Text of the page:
aka The Frazzled Mom
Unlock the secret to cooking mouthwatering and nutritious meals—without giving up your favorite dishes!
In today’s era of rampant food allergies, gluten-free popularity, and the rise of paleo eating, putting together a meal that will satisfy everyone at your table is easier said than done. With Diana Keuilian’s unique approach for “hacking” recipes, however, you’ll learn how to easily recreate beloved, traditional comfort foods without the grains, gluten, dairy, soy, or cane sugar.
The long-awaited follow-up to The Recipe Hacker, The Recipe Hacker Confidential is bursting with more than 100 new recipes and stunning photos that will tantalize your taste buds while trimming your waist, with lighter versions of your favorite recipes such as:
– Breakfast Pizza, Sweet Potato Mini Muffins
– Butternut Squash Spaghetti
– Easy Teriyaki Chicken, Maple Bacon-Wrapped Salmon
– Real Healthy Snickers Bars
– Cookie Dough Bonbons
Keuilian spills all her secrets on how to hack these recipes—and many more—while preserving the flavor, presentation, and enjoyability of each sumptuous dish. She also shares stories and musings throughout the book that will inspire, encourage, motivate, and propel you toward weight loss, better health, and culinary happiness.
On occasion, I like to check out recipe books. Sometimes it’s fun to try something new. The Recipe Hacker Confidential is more than just the standard cookbook. It’s a means to hack the traditional recipes we’ve grown up with and turn them into something we can still use and love. Several of my friends and family are on special diets from the Whole 30 to diets specific to a diagnoses, like diabetes or high cholesterol.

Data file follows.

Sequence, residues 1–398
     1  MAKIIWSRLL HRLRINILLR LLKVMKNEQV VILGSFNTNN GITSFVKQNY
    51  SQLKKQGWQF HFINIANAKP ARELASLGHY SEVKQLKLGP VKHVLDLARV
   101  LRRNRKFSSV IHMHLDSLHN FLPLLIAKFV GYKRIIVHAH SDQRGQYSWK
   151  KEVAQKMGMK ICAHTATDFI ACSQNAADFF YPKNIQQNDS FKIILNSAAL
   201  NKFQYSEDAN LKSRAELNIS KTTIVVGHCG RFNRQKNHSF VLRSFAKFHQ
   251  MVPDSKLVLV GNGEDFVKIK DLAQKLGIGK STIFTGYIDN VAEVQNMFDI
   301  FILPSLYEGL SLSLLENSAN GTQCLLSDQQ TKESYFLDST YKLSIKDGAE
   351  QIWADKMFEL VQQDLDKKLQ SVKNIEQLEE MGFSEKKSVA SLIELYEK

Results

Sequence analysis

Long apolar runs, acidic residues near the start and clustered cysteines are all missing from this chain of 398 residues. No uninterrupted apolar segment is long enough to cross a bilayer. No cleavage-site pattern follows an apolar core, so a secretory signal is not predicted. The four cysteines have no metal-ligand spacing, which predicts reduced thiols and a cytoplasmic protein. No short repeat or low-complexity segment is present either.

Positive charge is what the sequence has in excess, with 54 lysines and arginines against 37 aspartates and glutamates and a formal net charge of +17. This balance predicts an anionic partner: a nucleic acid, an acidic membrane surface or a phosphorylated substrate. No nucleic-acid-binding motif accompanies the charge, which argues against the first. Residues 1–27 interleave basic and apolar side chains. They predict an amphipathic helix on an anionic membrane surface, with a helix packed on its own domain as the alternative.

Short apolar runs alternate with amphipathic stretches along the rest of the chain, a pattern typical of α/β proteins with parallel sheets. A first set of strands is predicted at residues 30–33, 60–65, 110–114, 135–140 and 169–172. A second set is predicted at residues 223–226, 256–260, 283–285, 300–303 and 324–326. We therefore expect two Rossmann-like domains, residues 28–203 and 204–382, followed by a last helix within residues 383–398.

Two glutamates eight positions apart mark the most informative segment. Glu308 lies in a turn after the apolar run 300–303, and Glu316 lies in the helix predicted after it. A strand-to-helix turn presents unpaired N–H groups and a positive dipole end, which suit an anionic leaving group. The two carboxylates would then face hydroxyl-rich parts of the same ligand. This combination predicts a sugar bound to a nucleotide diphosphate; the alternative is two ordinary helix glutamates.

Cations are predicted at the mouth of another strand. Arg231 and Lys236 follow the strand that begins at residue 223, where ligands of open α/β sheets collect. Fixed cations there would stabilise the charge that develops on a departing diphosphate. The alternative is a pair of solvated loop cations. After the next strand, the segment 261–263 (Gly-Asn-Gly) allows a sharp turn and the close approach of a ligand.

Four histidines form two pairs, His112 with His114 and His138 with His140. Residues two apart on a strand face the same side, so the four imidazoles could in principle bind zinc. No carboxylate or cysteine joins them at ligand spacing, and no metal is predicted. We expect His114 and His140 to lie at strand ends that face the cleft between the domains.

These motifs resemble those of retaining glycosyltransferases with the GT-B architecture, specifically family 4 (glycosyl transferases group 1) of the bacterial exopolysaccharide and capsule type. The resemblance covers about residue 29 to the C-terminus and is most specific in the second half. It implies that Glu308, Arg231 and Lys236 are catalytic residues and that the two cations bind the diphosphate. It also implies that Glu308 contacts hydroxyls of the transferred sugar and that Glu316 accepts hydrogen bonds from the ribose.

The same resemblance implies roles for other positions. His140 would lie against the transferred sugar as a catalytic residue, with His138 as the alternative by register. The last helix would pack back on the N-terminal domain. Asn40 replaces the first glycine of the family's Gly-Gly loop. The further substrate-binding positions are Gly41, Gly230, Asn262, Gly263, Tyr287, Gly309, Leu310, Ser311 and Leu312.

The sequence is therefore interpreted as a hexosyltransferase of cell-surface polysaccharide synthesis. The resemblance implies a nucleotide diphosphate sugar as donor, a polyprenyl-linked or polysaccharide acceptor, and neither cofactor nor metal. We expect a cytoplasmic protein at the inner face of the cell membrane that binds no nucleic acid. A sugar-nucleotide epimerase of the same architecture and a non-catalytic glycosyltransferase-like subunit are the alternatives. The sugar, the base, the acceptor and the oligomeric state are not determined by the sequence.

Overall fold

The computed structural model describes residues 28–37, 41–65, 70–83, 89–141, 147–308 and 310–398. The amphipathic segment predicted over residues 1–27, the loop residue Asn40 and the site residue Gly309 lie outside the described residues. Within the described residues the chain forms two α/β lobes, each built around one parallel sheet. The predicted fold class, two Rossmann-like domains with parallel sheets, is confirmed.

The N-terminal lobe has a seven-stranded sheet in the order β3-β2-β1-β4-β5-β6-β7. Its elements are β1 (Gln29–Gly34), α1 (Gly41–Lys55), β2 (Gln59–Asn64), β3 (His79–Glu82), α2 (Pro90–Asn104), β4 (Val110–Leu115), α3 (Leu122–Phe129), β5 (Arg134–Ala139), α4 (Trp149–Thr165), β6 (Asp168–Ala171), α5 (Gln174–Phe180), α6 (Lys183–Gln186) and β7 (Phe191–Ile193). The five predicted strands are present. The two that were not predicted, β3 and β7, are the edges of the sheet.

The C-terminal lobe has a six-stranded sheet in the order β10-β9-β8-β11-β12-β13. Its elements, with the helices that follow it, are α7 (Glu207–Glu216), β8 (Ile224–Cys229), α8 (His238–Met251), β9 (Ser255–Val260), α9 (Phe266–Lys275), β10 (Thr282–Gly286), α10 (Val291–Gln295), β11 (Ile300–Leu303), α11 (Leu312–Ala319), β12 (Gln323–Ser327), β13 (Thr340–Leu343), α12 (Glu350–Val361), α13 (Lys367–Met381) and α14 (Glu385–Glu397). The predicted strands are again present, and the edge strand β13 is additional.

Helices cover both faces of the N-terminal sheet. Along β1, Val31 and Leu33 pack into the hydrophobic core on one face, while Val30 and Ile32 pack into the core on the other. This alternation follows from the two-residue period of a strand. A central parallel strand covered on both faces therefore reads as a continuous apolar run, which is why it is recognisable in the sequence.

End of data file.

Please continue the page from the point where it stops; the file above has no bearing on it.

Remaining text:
While the recipes look good on paper, I can’t attest to their taste. Since reading through the book, I’ve purchased almond flour (a common ingredient throughout). I’m hoping to find a moment and give one of these recipes a try. If it’s anything like my tofu enchilada casserole, we shouldn’t really notice a difference. And if you’re wondering why I used tofu, let me explain. I’d taken a nutrition class in college. One of the assignments was to take a recipe and make it healthy, or at least a little more healthy that the traditional dish. I learned that if I froze a block of tofu, thawed it, froze it once more, I could then chopped it up into pieces and the consistency/texture would be a lot like chicken. For me, that’s a big thing. I can’t get past the slimy texture of tomatoes, so I avoid them unless they are buried deep where I won’t notice them.
I chopped up the tofu and basically made chicken enchilada casserole, but with tofu as the substitute. I also used a lower calorie cheese, sauce, etc. The results? A delicious meal that even my father, the pickiest eater in our family, didn’t even notice. He really thought he was eating chicken because the tofu was so good at soaking in all of the flavors and sauce of the casserole.
I’m basically hoping the recipes in this book will turn out the same. But I need to try at least one. For now, I’ll give this a good review, because the recipes are clever in their substitutions. But again, I can’t say anything about the taste. To be continued…
Disclosure: I received a free ebook in exchange for an honest review.